Perryville was in dire need of a new Wastewater Treatment Plant and they finally got one.
The city built and installed a brand new Oxidation Ditch Wastewater Treatment Plant.
Perryville Public Works Director Jeff Layton said the new and improved plant, which has been in use since July 22, is more advanced than the previous one.
The old facility was put into operations in 1976 with a flow capacity of 100,000 gallons per day. Since then, the plant had undergone three major upgrades in 1984, 1997 and 2006. The maximum capacity was 1.8 million gallon per day with the current daily flow average of 1 million gallons per day of influent wastewater.
“Our old plant was a trickling filter plant and it’s really old technology,” Layton said. “Most cities that have them are trying to replace them now and it doesn’t meet the current need. We were having trouble meeting the current limits of pollutants in the wastewater and would have had more trouble in the future. The Missouri Department of Natural Resources has changed its discharge limits for different metals and things found in wastewater treatment plants. When they tightened up these regulations the old plants were never built to handle that.”
This new one does however.
“It has the capabilities of meeting all those and then some,” Layton said. “It also has the capabilities of meeting limits on total Nitrogen and total Phosphorus, which is something that is coming. Long term studies are realizing that those pollutants are coming from effluent from plants in the future.”
The new facility is still located at the same location on Hidden Valley Lane and it still uses the same lab for sludge.
“That part was still fine for sludge handling,” Layton said. “We repurposed that and are still using it. As far as extracting the pollutants out of the wastewater, that is all done at the new facility.”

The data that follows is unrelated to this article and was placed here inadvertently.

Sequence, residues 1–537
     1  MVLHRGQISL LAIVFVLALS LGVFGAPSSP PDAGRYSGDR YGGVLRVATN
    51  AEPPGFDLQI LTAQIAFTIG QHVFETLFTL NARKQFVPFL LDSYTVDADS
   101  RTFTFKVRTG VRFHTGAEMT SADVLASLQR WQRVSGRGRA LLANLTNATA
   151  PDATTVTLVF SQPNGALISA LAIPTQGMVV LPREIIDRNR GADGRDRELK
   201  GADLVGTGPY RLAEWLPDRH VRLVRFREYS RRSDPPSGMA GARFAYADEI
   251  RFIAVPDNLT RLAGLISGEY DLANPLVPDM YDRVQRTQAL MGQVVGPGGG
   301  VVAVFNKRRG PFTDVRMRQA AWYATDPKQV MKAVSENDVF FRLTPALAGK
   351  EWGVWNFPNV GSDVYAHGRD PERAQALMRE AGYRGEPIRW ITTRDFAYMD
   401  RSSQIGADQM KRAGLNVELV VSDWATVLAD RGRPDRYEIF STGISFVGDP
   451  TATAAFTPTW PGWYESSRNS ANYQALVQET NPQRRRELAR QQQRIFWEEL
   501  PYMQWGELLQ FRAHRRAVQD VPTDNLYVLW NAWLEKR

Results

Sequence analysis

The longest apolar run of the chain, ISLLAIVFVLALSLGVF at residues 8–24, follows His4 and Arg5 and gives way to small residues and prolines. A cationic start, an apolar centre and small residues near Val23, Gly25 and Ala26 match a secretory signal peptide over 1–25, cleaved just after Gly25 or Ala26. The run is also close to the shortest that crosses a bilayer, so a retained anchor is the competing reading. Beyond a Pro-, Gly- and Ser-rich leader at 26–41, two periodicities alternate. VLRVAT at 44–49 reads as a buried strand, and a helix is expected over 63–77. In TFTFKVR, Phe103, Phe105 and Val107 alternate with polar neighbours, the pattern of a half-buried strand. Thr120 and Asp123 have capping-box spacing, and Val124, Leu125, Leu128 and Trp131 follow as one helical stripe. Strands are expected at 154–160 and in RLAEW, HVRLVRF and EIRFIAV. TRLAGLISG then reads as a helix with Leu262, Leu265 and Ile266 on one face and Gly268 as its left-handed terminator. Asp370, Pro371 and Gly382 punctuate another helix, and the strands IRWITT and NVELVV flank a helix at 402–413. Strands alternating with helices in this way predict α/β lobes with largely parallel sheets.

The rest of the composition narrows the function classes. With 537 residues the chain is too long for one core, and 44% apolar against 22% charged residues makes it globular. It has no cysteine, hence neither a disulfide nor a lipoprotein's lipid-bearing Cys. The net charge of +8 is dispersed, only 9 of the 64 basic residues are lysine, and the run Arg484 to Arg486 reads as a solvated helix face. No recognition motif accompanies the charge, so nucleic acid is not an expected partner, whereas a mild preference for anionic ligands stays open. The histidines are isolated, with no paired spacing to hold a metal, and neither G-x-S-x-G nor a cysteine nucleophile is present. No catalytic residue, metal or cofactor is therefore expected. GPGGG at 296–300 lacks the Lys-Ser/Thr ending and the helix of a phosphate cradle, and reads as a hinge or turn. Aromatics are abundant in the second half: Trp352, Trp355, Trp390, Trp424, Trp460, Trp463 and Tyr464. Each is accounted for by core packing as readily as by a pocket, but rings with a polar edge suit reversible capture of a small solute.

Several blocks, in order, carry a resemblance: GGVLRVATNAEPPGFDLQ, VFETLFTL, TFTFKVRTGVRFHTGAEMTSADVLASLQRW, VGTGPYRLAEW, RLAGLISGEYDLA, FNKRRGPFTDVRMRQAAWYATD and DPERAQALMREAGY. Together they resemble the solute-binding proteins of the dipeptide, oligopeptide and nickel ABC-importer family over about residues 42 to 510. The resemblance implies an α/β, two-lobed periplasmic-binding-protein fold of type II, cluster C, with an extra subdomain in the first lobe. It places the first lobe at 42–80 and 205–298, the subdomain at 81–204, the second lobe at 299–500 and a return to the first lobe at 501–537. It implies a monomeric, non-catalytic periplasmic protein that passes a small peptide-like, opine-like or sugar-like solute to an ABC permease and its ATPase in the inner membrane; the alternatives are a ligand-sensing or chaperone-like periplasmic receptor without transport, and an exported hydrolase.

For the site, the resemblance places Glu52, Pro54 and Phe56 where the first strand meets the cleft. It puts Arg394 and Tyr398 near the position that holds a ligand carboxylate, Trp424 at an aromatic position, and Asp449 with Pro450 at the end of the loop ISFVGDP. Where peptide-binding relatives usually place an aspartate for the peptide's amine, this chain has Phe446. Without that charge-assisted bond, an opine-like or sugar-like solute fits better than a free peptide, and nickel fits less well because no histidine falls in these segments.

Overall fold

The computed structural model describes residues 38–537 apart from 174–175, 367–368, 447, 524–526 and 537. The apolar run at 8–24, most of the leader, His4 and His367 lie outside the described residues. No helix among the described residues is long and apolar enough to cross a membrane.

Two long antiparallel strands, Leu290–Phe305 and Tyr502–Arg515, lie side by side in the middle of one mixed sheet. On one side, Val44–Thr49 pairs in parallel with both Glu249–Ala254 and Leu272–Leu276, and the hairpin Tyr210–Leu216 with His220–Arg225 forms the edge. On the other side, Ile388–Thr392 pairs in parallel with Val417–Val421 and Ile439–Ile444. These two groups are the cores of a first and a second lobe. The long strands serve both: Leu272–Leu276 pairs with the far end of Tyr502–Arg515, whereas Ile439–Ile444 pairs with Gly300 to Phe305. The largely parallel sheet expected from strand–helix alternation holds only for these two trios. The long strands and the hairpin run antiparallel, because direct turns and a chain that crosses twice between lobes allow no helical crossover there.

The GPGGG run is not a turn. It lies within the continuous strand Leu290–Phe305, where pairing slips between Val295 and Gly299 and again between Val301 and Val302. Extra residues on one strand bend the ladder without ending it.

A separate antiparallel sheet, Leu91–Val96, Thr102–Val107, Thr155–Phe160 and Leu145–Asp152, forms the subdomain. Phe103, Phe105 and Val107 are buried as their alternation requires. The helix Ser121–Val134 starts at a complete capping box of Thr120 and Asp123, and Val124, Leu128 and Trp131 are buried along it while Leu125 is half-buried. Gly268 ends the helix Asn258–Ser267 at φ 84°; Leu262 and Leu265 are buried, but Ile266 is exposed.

The new plant is rated for 2.5 MGD (millions of gallons per day) and a peak flow of 9 MGD.
“That’s when we get water from rain and things of that nature.” Layton said. “This is not only meeting our current needs, but for the possible growth of Perryville as well. We built the plant to be able to expand if we need to. We should be good for many, many years.”
The plant was funded through an SRF funded design build for $30 million. The funding gave the city approximately $27 million and Perryville paid for the rest through bonds.
In the month that the city has been running the new plant things have run smoothly.
“It’s excellent,” Layton said. “The effluent that is coming out is five times cleaner than before,” Layton said. “The air has barely any smell at all. Just the way the process works, it breaks things down quickly so there is barely any smell. It is a good enviromental process that has the capability to take anything we are throwing at it right now.”
The city will hold a ribbon cutting to introduce the new plant on Sept 21 at 12:15 p.m.
Layton is just excited to have the new plant up and ready. It does not produce as many headaches for him or the workers.
“Every time broke or went down on the old plant, we were trying not to spend as much money,” Layton said. “When you’re working with specialized equipment, it can be very expensive. We were working with contractors to come up with innovative ways to hobble along and kind of put duct tape on those problems so to speak. With this new plant, Perryville should be set up for a long time and it’s something everyone should be excited about.”